Pinanga maculata

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Pinanga (pih-NAHN-gah)
maculata (mak-oo-LAH-tah)
Post-22-1250450600.jpg
Hawaii. Photo by BGL
Scientific Classification
Genus: Pinanga (pih-NAHN-gah)
Species:
maculata (mak-oo-LAH-tah)
Synonyms
P. barnesii, Ptychosperma maculatum
Native Continent
Please set a value for continent.
Morphology
Habit: Solitary
Leaf type: Pinnate
Culture
Survivability index
Common names
Tiger Palm. Philippines; mottled abiki.

Habitat and Distribution

Philippines. Endemic to the Philippines; in primary lowland forests.
Edge Hill, Cairns, Queensland. Photo by tanetahi

Description

Solitary medium-sized palm growing to 4-5 m tall. The smooth green trunk has prominent leaf scar. The leaves are large, with regularly arranged leaflets. Leaflets are green, dissected once or twice at the apex. Young leaves mottled with dark green or reddish green on the upper surface. Fruit is ovoid, red to black, with one seed.

Solitary palm 5 m tall with purplish/brown crownshaft. Leaves up to 2 m long, with irregularly spaced leaflets, dark green above with large irregular areas of lighter green ("Tiger" stripes). Flowers borne below the leaves, in branching axis, and green. Fruits ovoid, red to black, with one seed. (Madulid D. A. 2000.) Editing by edric.

Culture

Warm, sheltered, and moist, although it can take night-time temps down to 5°C. Cold Hardiness Zone: 10a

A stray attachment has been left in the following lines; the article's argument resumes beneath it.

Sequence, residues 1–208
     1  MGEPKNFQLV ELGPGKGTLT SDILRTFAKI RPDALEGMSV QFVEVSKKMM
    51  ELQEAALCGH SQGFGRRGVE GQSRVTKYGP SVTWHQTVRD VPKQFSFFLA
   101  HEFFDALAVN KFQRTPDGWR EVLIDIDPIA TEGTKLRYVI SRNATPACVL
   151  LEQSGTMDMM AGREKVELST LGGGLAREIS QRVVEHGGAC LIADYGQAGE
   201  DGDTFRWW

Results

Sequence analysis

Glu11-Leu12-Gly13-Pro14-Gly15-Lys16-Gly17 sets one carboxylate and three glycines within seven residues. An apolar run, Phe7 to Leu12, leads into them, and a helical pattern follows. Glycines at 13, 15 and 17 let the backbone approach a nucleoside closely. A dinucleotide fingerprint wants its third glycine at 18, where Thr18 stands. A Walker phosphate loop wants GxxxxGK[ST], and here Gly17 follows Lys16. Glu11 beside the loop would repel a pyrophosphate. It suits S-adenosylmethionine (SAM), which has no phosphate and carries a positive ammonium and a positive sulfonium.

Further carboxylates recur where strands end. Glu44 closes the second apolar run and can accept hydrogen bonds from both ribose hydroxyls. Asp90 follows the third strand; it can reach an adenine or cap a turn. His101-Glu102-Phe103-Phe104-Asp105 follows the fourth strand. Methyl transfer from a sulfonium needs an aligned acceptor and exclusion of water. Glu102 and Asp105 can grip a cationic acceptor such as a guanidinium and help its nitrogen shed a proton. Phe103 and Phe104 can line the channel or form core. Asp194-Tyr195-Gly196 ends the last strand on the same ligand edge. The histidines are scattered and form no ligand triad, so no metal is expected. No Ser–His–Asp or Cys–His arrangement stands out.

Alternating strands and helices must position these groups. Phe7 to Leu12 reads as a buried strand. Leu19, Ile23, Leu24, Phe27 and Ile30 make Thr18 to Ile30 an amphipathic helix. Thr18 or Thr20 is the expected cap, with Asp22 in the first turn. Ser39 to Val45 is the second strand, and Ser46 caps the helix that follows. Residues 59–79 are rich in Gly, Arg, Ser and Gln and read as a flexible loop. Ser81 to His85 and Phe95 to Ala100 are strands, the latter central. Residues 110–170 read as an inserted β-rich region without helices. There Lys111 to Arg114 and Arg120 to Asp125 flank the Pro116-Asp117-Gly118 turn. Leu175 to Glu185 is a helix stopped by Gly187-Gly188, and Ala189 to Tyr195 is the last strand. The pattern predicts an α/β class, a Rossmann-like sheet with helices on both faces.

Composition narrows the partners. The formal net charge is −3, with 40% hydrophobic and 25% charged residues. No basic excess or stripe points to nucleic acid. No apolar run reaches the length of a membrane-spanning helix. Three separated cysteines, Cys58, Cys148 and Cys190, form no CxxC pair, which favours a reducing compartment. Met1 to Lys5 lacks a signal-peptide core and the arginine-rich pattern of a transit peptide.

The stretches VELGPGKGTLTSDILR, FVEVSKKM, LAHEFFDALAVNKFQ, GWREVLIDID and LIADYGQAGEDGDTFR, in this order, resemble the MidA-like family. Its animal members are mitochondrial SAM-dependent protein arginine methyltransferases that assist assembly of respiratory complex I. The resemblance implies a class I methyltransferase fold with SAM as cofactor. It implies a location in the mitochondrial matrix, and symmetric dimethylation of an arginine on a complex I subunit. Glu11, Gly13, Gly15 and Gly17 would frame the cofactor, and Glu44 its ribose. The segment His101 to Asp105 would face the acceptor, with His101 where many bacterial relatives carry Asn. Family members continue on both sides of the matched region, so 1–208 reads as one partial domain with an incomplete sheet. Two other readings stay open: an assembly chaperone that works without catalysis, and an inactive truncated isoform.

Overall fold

Comments and Curiosities

This red leaf form is not typical. I have observed the the new leaves of my other seedlings and most open plain mottled green with no signs of reddish coloration at all. A few open with brownish/olive coloration but are not as attactive as the red form.

It needs to be observed if this red feature is carried over as the palm matures.

It is also unknown if this is a genetic trait or caused by cultural conditions.

Conservation: This is an attractive endemic palm found in primary forests in the Philippines. The juvenile plant is attractive because of its mottled leaves and the mature plant is also elegant in form. It is occasionally planted in local gardens but is not widely cultivated. It is readily propagated by seeds. Habitat destruction, and kaingin are threats to the plant.


External Links

References

Phonetic spelling of Latin names by edric.

Special thanks to Geoff Stein, (Palmbob) for his hundreds of photos.

Special thanks to Palmweb.org, Dr. John Dransfield, Dr. Bill Baker & team, for their volumes of information and photos.

Glossary of Palm Terms; Based on the glossary in Dransfield, J., N.W. Uhl, C.B. Asmussen-Lange, W.J. Baker, M.M. Harley & C.E. Lewis. 2008. Genera Palmarum - Evolution and Classification of the Palms. Royal Botanic Gardens, Kew. All images copyright of the artists and photographers (see images for credits).

Madulid D. A . 2000. Pictorial cyclopedia of Philippine ornamental plant. Second edtion. Bookmark,Inc.;292-293.


Many Special Thanks to Ed Vaile for his long hours of tireless editing and numerous contributions.

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